The Great Lie and deciding who can be married

Loudoun Times-Mirror
July 13, 2004
By Rev. Roberta Finkelstein

As hearings begin on the federal marriage amendment, we will hear it again. The Great Lie. Over and over again, we are being told that God ordains oppression.

A decade ago, I served a small congregation in Virginia. There was a downtown church building available for rent. We couldn’t afford the full rent and didn’t need the whole big building, so we talked with another small congregation about sharing.

We got together and toured the space, noting the places where each of us could have a sanctuary, office space and classrooms. Then we sat down to talk. They told us they didn’t know much about Unitarian Universalism, and had looked it up in the encyclopedia.

That led to questions, which we answered. We were doing OK. Then came the deal breaker. “What about homosexuality?”?

I said that we are a congregation that believes that all people are children of God. We are one of a number of open and affirming communities of faith across our nation who celebrate the diversity of ways in which people are created. We supported any intimate relationship that was built on love, mutual respect and a sense of responsibility for self and other. The other minister’s face fell. “Oh, that just won’t work,”? he said. “I couldn’t risk having my people walk by your sanctuary on Sunday and overhear you saying that.”?

At that point the meeting ended, but I still replay in my mind how the rest of the conversation could have gone. “What kind of people have you got that you cannot afford to let them catch even a fragment of thought that differs from what you tell them? Maybe there is a young adult who knows in his heart and has known for years that he is made to love another man. And he lives with the pain and fear of knowing that if he follows his heart he will be rejected by his family and shunned by his religious community. Maybe if he overheard me, he might realize that there is more than one faithful way to understand himself. Perhaps instead of acting on his despair (because among adolescents, the highest suicide rate is for gays and lesbians) he might find a way to become the person he is meant to be, fully human and fully alive in his ability to love and be loved.

“Or maybe it would be the two spinster ladies who have been ‘roommates’ all their adult life. These two women, who have loved each other faithfully and monogamously, have brought homemade cookies to every wedding; they have cheered every successful marriage. They have spent all their emotional and spiritual resources keeping the secret of their love for each other, because they feared losing their community of faith. How terrible it would be if they were to walk by and discover that there is another way ““ a church that would welcome and celebrate their loving relationship, a God who wants them to live out their God-given ability to be intimate. ”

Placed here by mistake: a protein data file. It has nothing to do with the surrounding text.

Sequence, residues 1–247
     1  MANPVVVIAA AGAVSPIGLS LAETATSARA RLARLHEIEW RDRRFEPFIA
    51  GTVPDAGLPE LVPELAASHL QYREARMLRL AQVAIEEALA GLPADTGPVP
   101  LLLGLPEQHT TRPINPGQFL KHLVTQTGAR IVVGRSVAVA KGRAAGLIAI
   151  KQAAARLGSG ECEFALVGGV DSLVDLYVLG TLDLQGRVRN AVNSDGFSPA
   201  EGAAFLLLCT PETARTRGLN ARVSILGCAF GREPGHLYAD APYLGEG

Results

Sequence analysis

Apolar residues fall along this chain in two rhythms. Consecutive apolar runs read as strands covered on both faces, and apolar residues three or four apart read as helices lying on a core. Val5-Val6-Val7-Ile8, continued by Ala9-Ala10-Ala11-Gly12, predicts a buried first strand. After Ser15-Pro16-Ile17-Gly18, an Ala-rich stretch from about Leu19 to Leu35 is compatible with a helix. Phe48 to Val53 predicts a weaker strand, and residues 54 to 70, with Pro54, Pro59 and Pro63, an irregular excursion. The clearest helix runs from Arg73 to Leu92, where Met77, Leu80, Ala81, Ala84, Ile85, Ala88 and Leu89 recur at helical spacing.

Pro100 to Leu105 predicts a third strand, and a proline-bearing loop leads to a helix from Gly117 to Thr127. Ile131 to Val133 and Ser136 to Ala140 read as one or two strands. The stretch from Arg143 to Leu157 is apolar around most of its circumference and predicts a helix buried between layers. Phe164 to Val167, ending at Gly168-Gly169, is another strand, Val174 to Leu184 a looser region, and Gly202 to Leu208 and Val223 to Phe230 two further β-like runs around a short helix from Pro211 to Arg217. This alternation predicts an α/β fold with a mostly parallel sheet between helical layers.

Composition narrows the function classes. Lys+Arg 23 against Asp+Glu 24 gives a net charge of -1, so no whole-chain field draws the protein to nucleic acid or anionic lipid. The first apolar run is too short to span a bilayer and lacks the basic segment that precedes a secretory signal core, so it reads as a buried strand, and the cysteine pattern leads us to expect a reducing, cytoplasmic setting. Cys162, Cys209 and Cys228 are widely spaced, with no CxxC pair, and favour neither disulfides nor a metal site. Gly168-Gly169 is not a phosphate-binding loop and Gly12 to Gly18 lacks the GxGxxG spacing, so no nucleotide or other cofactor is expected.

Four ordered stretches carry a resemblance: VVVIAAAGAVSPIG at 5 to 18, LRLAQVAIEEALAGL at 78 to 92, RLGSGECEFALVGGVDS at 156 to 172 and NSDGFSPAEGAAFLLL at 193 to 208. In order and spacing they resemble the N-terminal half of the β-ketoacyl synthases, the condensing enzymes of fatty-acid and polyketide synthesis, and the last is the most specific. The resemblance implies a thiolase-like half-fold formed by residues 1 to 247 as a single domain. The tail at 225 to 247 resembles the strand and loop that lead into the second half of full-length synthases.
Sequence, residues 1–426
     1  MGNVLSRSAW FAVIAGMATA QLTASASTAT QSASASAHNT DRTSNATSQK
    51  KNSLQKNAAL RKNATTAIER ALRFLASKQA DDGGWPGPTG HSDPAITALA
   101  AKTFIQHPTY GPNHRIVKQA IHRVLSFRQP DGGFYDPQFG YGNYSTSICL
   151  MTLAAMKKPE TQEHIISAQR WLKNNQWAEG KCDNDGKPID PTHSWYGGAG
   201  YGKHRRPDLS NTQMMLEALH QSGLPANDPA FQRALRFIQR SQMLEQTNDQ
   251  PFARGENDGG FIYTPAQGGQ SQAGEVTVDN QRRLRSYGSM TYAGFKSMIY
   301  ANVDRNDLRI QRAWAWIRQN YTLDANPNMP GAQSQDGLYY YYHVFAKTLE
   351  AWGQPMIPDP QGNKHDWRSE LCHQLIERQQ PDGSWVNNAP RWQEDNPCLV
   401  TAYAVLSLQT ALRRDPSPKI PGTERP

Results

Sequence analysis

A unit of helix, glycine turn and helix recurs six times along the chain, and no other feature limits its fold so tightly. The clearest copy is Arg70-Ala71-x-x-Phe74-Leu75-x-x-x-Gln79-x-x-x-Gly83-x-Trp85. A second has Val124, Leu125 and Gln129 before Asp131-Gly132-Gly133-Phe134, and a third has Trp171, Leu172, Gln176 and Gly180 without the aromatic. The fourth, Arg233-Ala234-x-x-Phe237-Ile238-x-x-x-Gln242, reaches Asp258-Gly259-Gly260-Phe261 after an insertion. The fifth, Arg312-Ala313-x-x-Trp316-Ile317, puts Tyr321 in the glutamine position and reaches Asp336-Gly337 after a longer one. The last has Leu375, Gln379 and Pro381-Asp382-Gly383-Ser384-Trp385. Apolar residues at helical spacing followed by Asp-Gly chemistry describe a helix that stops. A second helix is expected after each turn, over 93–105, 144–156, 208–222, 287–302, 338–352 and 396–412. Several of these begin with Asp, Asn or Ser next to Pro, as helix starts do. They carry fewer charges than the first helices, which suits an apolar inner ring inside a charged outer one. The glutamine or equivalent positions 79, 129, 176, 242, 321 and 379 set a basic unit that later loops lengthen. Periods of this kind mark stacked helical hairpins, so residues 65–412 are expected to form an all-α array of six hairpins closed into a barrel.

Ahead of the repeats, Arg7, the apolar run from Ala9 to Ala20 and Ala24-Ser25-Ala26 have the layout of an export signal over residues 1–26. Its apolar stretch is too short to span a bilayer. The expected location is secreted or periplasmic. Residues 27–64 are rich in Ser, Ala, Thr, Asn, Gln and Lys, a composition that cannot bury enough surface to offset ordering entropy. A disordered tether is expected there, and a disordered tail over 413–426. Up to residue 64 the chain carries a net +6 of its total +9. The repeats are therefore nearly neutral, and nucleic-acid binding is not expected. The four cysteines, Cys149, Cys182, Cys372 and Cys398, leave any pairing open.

Rosemary Radford Ruether coined the phrase “The Great Lie”? to refer to a theme that runs through all the major religions of the world, a theme that she and we believe is a corruption of the message of true faith. The Great Lie is that God ordains oppression. The Great Lie has been used by men for thousands of years to rationalize the subjection of women. It was used by Christians in this country who owned slaves ““ not only to justify the economic system itself, but to justify the physical, psychological and spiritual cruelty of that system. And now it is being used to justify codifying discrimination against gays and lesbians.

On May 17 the first legally sanctioned gay marriages were celebrated in Massachusetts. The pictures graced the front page of every newspaper.

We each have a choice to make about how we view those pictures. Will we look at them through the lens of the Great Lie, and be afraid of what they represent? Or will we see them for what they are: pictures of loving couples making a healthy, life-long commitment to each other?

A decade ago two small congregations entered into conversation about sharing space for worship. We stumbled over differing understandings of discrimination. We were afraid of each other. Today, all people of faith in our nation have entered into a conversation about sharing a public understanding of marriage. Let’s not stumble over our differences.

The Federal Marriage Amendment is just the newest version of The Great Lie. Let’s reject the Great Lie and defeat any attempt to amend the constitution that legitimizes oppression. Let’s stand together on the side of love.

The author is minister at Unitarian Universalists in Sterling.

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